❌ Default Git Privacy ❌
With only 3 commands anyone can find out the dates and exact times, down to the second, that a developer makes commits.
git clone <target-repo> cd <target-repo> git log --format=fuller
Over a long enough timespan, exact commit times can be used to deduce private information about a developers life. For instance, their likely timezone and sleep patterns.
📅 Git Timestamps 📅
Git commit objects have 2 or 3 timestamps to worry about. The two main ones are:
GIT_AUTHOR_DATErepresents the time and date the changes were made, not the commit.
GIT_COMMITTER_DATErepresents the time and date the changes were committed.
Removing Timestamps For Commits
Git doesn’t have a way to remove timestamps altogether, but both the
GIT_COMMITTER_DATE can be set to any arbitrary date. For maximum privacy, set the
GIT_COMMITTER_DATE to any constant date in your shell’s environment variables.
export GIT_COMMITTER_DATE="2000-01-01 00:00:00+0000" export GIT_AUTHOR_DATE="2000-01-01 00:00:00+0000"
To make the changes permanent, append the commands to ~/.bashrc:
echo -e "export GIT_COMMITTER_DATE=\"2000-01-01 00:00:00+0000\"\nexport GIT_AUTHOR_DATE=\"2000-01-01 00:00:00+0000\"" >> ~/.bashrc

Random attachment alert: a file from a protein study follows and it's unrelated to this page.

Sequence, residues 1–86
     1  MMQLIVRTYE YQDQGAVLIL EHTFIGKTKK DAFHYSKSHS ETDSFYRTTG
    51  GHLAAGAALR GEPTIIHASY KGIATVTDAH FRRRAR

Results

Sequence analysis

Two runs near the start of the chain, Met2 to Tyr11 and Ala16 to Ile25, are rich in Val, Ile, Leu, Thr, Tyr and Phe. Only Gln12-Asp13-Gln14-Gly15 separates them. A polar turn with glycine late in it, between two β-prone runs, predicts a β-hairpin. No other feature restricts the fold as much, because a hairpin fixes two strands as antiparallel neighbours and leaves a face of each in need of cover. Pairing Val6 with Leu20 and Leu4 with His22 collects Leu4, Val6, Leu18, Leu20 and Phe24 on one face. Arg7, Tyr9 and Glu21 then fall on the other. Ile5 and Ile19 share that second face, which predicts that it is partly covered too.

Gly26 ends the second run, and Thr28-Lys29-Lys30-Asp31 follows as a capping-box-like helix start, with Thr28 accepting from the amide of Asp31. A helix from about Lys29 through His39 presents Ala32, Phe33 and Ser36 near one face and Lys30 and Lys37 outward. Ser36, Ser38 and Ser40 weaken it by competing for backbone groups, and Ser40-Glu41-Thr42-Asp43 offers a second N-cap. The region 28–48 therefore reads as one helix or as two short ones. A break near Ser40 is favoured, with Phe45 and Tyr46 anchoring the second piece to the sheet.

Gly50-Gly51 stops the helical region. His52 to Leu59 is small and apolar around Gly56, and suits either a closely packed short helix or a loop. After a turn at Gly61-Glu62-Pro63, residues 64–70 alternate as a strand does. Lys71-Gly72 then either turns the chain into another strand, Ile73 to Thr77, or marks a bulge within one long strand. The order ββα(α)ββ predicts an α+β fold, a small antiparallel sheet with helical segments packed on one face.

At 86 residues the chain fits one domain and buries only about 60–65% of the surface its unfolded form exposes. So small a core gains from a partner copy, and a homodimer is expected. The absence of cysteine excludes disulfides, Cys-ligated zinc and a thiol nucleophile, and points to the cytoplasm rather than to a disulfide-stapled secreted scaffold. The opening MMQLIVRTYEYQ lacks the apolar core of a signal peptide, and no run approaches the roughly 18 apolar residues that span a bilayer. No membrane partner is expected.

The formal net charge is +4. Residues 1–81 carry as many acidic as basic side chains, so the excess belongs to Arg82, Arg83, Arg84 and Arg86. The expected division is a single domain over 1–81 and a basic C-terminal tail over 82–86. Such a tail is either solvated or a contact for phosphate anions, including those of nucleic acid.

If it’s desirable to retain only the day on which a commit was made, set both the
GIT_COMMITTER_DATE like so:
export GIT_COMMITTER_DATE="$(date +%Y-%m-%d) 00:00:00+0000" export GIT_AUTHOR_DATE="$(date +%Y-%m-%d) 00:00:00+0000"
This provides decent privacy and still meaningful timestamps. To make the changes permanent, append the commands to ~/.bashrc:
echo -e "export GIT_COMMITTER_DATE=\"$(date +%Y-%m-%d) 00:00:00+0000\"\nexport GIT_AUTHOR_DATE=\"$(date +%Y-%m-%d) 00:00:00+0000\"" >> ~/.bashrc
Environment variables don’t change after being set. So the dates update when a new shell is opened, not at midnight.
🔑 Removing Timestamps for Digital Signatures 🔑
It’s important to digitally sign Git commits and especially releases to prevent man-in-the-middle attacks. GPG signatures contain their own timestamps which can be just as bad for privacy as Git timestamps.
Luckily, GPG signature timestamps can also be forged with the option:
--faked-system-time <iso>. For this to be persistent, Git needs to run a version of GPG that always forges the system time. Also, the script should exclude GPG version information since that could also leak time information:
#!/bin/bash gpg2 --faked-system-time <iso>! --no-emit-version --no-comments $@
<iso> can be any time after the GPG signing key was generated. An example
iso value is
20201130T000000 for 30 November 2020 at midnight.
Make Git use the new script instead of regular GPG by adding the following lines to your Git config:
[gpg] program = gpg2-git
Git will now use a fake system time for every GPG signed commit. Git preserves almost no metadata by design, so privacy is looking pretty good.
📝 Additional Notes 📝
It’s possible to use Git hooks to accomplish timestamp obfuscation, but it’s still necessary to manually override the date for some Git commands, making it very inconvenient. The developers of Git should make timestamp obfuscation a feature in order to make doing all this unnecessary.
This README file is licensed under CC-BY-SA 4.0 .